Urban Farming is Finding Its Way Into Cities Again

Urban Farming is Finding Its Way Into Cities Again

Urban farming refers to when crops are grown in cities. During and immediately after World War II, urban farming was popular in Europe and North America when resources were scarce. In more recent years, the interest in city agriculture has been renewed but for much different reasons.

The Renewal of Urban Farming

New food production projects have started in cities. The motivation for urban farming isn’t just for food, but also increasing plant and animal life in cities. There are hopes of improving communities through unifying people of diverse backgrounds, improving mental and physical health whilst also regenerating derelict neighbourhoods.

Making the Best of Small Spaces

Although these new farming projects still struggle to find space, people are finding creative solutions. Some are growing food in skips, on rooftops, on sites that are temporarily free or on raised beds in abandoned industrial yards. To make the most of these unoccupied spaces, urban farmers are using agricultural technologies to ensure that their crops thrive.

How Urban Farming Works

Hydroponic systems are an example of such technologies. Growers can cultivate plants without using soil and natural lights. Instead, crops are grown in absorbent material and artificial lighting is used. Although hydroponic crops require more energy than regular crops, they use significantly less water and produce much higher yields.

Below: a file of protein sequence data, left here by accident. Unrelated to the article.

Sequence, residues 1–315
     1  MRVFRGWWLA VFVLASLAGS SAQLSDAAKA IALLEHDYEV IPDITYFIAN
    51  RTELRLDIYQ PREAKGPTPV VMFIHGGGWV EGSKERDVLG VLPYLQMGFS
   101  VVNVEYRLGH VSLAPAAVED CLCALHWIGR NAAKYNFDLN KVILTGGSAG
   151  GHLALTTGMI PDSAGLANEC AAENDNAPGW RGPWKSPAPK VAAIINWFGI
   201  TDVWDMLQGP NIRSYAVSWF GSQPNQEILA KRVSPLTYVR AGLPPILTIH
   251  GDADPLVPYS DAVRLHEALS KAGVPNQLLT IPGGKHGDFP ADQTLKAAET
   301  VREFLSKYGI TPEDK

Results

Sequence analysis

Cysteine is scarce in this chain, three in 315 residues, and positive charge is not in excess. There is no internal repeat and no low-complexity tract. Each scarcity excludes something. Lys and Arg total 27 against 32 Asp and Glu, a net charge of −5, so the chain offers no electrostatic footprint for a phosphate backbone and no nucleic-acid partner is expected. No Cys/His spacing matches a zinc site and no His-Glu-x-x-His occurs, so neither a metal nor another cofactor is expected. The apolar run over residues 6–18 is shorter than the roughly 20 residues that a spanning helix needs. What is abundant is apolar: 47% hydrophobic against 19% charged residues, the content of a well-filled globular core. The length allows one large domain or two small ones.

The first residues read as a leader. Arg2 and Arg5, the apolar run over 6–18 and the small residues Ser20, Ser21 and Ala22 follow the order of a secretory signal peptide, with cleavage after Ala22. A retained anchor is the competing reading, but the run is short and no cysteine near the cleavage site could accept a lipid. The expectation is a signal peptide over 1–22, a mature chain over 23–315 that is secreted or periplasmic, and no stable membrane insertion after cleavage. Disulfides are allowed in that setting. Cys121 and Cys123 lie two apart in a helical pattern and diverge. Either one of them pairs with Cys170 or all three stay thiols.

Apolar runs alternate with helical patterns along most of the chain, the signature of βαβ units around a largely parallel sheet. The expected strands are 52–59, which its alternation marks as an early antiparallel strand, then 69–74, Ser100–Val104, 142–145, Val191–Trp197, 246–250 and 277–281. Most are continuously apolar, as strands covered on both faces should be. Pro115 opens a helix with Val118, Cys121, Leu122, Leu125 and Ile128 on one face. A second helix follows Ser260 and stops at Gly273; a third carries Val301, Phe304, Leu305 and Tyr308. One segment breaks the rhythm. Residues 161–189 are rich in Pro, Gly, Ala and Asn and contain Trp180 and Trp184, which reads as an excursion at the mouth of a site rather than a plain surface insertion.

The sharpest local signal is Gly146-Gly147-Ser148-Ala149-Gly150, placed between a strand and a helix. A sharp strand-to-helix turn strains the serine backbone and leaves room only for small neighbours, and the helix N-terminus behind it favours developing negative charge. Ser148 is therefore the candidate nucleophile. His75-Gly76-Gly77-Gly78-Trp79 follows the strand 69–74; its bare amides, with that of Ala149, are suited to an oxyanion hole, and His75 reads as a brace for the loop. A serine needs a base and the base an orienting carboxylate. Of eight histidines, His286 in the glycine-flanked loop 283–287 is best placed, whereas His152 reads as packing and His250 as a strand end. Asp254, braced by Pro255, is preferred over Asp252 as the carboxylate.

Hydroponic systems were engineered as a space and resource efficient form of farming, which currently represents a considerable source of industrially grown crops. In 2016, the hydroponic market was estimated to worth £4.9bn. Furthermore, growing such crops usually requires sophisticated and expensive technology however simplified versions are affordable and easier to use.

Growing crops in cities has great potential. As urban structures expand and space decreases, the ability to grow food in small spaces can be greatly beneficial. There are aspects which still need to be improved. Hydroponic systems require nutrients that are often created with chemicals.

Prospects for the Future

Nevertheless, developments are being made so that organic material can be used instead. For example, the Bristol Fish Project is a community-supported farm which breeds fish. The organic waste from the process is used in hydroponic systems to grow plants.

The main aspect that is lost through urban farming is the ability to work outdoors with the changing seasons. However, as cities and populations develop, urban farming could be the solution to the growing pressure on food supplies.

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